Reply: Suggestions for reducing smoke complaints from neighbours to a chimney


I read your query last night and then spent some time thinking about it as I don't see a cheap easy answer. Are you in the U.K. ? We've had a spate of requests around this topic, mostly from our U.K. readers of late.

A fireplace and chimney that meet standards and regulations for your country and city can still perform poorly or generate smoke complaints depending on local terrain or building features that cause poor draft or annoying smoke distribution patterns.

I would

- build a fire that generates visible smoke
- step outdoors and observe very carefully where smoke travels
- examine the building and terrain features as well as obtain data on prevailing wind directions in order to better understand downdrafts and directions of air movement

Discuss with a chimney expert:

- whether or not the chimney is drafting properly
- whether or not the chimney cap is the optimum design
- a concern for the effect of site features, terrain, wind on smoke distribution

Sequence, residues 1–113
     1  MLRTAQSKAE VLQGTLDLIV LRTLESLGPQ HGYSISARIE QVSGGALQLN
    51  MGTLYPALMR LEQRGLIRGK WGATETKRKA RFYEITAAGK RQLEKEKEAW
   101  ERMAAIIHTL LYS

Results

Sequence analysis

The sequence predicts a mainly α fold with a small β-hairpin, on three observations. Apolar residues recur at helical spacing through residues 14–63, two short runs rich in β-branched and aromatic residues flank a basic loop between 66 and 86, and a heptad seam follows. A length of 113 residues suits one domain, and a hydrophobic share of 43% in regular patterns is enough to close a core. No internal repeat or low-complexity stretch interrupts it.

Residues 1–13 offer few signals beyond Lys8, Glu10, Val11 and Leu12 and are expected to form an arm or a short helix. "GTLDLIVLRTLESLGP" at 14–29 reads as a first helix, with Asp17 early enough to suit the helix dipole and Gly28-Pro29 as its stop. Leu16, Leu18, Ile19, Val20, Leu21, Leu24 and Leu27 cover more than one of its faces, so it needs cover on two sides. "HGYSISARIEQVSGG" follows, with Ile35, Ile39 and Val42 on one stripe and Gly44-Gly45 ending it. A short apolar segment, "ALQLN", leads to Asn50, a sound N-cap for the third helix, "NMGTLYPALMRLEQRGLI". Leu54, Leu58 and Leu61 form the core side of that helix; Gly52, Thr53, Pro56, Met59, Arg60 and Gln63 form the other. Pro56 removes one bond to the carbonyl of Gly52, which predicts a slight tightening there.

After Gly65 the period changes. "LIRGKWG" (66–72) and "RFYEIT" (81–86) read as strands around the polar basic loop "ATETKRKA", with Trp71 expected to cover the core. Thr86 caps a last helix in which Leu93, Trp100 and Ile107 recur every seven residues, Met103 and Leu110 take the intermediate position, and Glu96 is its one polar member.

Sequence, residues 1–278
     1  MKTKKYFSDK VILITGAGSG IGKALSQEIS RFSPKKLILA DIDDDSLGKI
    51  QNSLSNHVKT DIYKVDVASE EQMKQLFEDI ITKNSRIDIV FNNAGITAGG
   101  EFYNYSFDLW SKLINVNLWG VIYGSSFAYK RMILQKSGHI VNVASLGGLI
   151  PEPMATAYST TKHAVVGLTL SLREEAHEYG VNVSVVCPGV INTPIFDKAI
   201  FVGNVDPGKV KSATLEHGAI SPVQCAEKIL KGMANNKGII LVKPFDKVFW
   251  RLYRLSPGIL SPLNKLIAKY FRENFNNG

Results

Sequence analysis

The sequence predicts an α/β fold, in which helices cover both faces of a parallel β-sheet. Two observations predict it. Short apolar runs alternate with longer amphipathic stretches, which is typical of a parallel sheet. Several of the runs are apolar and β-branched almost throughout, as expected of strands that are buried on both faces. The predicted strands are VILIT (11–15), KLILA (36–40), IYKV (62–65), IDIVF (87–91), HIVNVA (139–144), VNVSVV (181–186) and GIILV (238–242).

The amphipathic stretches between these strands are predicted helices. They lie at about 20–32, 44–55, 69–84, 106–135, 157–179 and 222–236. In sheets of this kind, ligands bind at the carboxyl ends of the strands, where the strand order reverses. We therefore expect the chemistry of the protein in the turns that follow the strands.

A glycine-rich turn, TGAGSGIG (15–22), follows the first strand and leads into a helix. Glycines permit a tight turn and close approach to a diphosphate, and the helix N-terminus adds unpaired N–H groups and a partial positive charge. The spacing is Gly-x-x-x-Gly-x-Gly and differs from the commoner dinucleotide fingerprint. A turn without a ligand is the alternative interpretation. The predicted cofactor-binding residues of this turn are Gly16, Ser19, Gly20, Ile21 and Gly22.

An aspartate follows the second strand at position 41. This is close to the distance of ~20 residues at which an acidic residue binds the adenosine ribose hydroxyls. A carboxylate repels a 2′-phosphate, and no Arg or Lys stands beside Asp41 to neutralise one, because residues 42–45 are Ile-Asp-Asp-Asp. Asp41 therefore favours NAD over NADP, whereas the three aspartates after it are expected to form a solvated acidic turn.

- whether or not an extension of chimney height can possibly improve the situation (without having to go to a ridiculous or unsafe height), and the requirement for additional bracing if the chimney is extended
- choices of fuel that may reduce smoke output
- testing and confirmation of adequate combustion air

So that other readers can comment I'll also include this discussion in the FAQs above.

Do keep me posted and add additional information if you can - as the discussion will also assist others.



This may be a case in which a chimney meets minimum code standards but does not adequately handle actual site conditions. Ask for help and advice from your local building department.

Charles Cham:

This is a question I can't answer as I don't know. But it seems to me that if the chimney - I presume you're talking about an exhaust vent for some sort of fuel fired heating appliance - terminates meeting all of the building clearances stated in the appropriate article at the "More Reading" article list above I just don't see how a property line clearance would be at issue. What am I missing?


Continue reading at CHIMNEY HEIGHT EXTENSIONS or select a topic from closely-related articles below, or see our complete INDEX to RELATED ARTICLES below.